But more likely, the opposite occurs. No calculator can value pain and suffering. How an injury impacts a person’s life is so subjective. Accordingly, your accident lawyer must adequately articulate why your case differs or be prepared to file suit and begin the real battle. Judges and juries listen and consider many factors that this formula ignores because it does not understand them.

Juries make distinctions based upon whether or not they think the Plaintiff is an honest and kind person who has suffered due to their injuries. Tragically, this program barely distinguishes between a heroin addict and a nun. Juries get the difference. Mathematical calculators don’t.

So juries are the antithesis of these data-driven programs. A jury might not award damages for an L4/L5 lumbar (back) herniated disc. The medical terminology and the treating doctor’s explanation of the injury might not resonate with them. But the jury comprised of human beings will award money damages because the injury victim’s back hurts so much that she cannot hold her 18-month-old daughter without pain. No rules-based computer program can compute that human suffering.

Making Colossus Even Worse: Insurance Companies

Many insurers take this flawed computer system and rig it further against Plaintiffs by pulling out higher-cost claims from data that spits out the results. So if you pull numbers into the system, you pull out the jury verdicts – which considerably impact averages – and large settlements that would increase the valuations.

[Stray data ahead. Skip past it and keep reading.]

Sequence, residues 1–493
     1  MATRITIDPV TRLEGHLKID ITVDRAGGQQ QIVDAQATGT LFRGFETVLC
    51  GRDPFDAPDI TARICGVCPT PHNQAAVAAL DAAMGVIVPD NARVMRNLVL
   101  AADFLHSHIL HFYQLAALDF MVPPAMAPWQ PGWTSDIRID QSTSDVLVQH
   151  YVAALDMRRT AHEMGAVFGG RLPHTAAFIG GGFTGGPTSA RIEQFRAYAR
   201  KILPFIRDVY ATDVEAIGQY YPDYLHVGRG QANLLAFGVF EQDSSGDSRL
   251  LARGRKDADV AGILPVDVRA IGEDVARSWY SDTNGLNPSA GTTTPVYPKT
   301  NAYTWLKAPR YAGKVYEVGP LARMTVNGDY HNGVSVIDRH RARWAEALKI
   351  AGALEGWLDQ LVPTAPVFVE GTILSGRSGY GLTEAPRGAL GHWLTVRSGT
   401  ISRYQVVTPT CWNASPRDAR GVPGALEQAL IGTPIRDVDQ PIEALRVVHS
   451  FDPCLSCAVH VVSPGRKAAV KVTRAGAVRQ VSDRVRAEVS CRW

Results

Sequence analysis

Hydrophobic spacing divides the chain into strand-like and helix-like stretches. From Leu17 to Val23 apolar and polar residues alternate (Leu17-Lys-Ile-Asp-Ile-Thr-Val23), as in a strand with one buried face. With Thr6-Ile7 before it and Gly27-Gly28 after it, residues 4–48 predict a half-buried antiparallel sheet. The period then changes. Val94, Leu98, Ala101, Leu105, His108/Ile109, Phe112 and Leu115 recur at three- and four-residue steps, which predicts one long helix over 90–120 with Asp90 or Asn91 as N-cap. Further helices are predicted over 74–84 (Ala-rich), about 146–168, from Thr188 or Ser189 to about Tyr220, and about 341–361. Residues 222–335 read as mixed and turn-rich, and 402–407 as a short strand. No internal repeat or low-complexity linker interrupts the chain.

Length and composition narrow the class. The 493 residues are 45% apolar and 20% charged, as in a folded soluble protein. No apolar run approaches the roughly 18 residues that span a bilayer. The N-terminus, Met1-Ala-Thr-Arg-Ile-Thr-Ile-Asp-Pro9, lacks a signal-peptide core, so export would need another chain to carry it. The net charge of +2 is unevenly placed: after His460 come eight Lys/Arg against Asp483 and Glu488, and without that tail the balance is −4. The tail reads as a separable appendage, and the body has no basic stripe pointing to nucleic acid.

It is classic “garbage in, garbage out” regarding how the claims are valued. These insurance companies use Colossus as a “cost containment” as a weapon to increase profits even more at the expense of injury victims, including their insureds. Colossus also has the flexibility that allows insurance companies to fine-tune the results. Are the numbers coming back higher than the insurance company thinks they should? Well, you can just arbitrarily reduce the claims by a given percentage across the board.

Colossus encourages adjusters with little medical training to second guess the patient’s treating doctor. Some adjusters are encouraged to alter important details of medical reports and select injury codes for Colossus that will yield smaller settlement offers. That is the tail wagging the dog. The best way to do this is to encourage the adjuster to screw around with the final prognosis codes. The dynamic here is clear: a bad computer evaluation system is engineered to yield even lower results.

Colossus Injury Codes

Colossus, the software for evaluating insurance claims, employs around 600 distinct injury codes to categorize various injuries.